Aladdin has an excellent cast, all of which clearly enjoyed taking part in this movie. Even Will Smith overcame the initial memes and complaining to deliver an excellent performance which is very respectful to Robin Williams’s version.
Wa-wa-waaaah! Wa-waaah! Wa-wa-waaaah!
Ahem, sorry about that. Yeah, Aladdin’s soundtrack holds up nicely.he soundtrack between musical numbers conveys the mood nicely and has a nice Arabic hook to it and the songs themselves are as great as they ever were, there are even new ones! Aladdins’ opening song, as he guides Jasmine through the souks and alleyways of Agrabah to escape the guards, is catchy as hell and helps to set the main character up as the quick witted muppet that he is. Never Had a Friend Like Me introduces not only Genie (and how his whole shtick works) but also introduces the viewer to how Will Smith intends to do things going forward, adding a huge injection of Fresh Prince attitude into the role that’s a delight to see after all these years Prince Ali introduces the people of Agrabah to the disguised Aladdin in a massively catchy number, even more so than its original counterpart, again almost true to the original but being brave enough to add some cheeky rap and modern sensibility to the proceedings. For love fans we still have the truly iconic A Whole New World, sang perfectly by Naomi Scott and Mena Massoud as they glide across the world on the Magic Carpet (I see you, Pridelands!). The new addtions are also brilliant, Princess Jasmine really shows her inner strength and ambition here, refusing to smply be silent whilst her father continues to be steered toward disaster by Jafar.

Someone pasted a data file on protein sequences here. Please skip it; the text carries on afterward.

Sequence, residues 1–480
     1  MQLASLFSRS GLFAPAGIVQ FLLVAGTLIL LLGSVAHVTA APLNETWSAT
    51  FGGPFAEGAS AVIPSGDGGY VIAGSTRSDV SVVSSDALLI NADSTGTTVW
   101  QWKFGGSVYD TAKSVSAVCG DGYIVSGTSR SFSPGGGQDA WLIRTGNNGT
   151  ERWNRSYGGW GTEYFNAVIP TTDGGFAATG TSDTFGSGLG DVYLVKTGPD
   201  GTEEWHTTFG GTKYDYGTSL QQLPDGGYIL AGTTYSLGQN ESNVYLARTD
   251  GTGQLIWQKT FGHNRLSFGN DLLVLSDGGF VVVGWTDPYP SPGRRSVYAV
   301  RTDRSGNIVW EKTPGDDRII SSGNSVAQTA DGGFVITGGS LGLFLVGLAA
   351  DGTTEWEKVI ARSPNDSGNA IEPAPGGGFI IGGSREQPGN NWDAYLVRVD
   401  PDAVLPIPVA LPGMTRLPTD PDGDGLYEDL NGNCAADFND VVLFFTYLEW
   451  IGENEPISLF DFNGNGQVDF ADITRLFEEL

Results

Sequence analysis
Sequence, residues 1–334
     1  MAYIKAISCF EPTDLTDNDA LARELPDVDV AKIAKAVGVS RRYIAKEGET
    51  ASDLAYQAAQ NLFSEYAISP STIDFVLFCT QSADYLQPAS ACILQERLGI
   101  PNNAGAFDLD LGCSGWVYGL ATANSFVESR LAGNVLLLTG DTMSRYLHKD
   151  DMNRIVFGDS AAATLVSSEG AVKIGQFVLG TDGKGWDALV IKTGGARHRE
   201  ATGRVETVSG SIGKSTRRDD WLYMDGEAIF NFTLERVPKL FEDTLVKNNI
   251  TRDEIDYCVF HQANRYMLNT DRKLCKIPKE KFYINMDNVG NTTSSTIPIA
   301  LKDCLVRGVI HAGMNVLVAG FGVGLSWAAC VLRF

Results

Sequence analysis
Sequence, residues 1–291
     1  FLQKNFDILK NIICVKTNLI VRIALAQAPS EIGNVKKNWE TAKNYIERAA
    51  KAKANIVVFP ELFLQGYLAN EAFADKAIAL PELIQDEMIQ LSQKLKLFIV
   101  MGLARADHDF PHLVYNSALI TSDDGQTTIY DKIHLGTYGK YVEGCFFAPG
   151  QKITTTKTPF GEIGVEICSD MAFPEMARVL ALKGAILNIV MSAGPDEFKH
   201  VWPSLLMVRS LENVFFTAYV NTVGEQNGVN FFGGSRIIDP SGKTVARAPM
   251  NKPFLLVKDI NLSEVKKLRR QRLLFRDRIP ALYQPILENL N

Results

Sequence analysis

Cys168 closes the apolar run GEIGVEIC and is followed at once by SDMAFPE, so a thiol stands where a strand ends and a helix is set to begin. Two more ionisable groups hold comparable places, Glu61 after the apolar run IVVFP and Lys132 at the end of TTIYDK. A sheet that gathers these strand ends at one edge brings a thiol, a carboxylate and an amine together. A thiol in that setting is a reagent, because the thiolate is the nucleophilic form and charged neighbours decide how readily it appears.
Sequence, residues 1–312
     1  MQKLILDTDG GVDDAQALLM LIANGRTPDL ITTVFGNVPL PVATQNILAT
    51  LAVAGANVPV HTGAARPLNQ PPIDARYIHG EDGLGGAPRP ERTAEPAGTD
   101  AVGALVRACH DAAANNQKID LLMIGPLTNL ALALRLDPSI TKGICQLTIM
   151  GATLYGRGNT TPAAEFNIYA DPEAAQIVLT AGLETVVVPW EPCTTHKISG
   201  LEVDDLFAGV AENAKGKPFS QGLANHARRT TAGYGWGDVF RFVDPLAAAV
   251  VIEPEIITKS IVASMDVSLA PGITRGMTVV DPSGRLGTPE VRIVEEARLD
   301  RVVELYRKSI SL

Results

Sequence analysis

My only regret is that Jafar himself didn’t get a song. Marwan Kenzari brought so much charisma to the role that I was virtually begging for a sneering Jafar number, backed by Iago’s shrill vocals for maximum effect. But, alas, twas not to be.
If you enjoyed that music the first time around, you’ll love this version too. Perhaps even more so, due to some great new songs and Will Smith’s full on Fresh Prince reworking of some of the classics. It even has a Will Smith & DJ Khaled rap at the end, as close as we will get to the classic post-credits songs from Men in Black and Wild Wild West as we’ll ever get in 2019!
Having seen most of Disney’s remakes by now (I’m yet to see The Jungle Book) I can honestly say that this is, far and away, the cream of the crop. The visuals and music are excellent, the cast do a fantastic job and, despite the haters, I really believe that Will Smith not only makes for a great Genie, but also pays respect to Robin Williams and his previous performance of the character. If you like the 1992 version, or haven’t seen it but like cool musicals, then good lord, give it a watch!
Overall Score: 9.5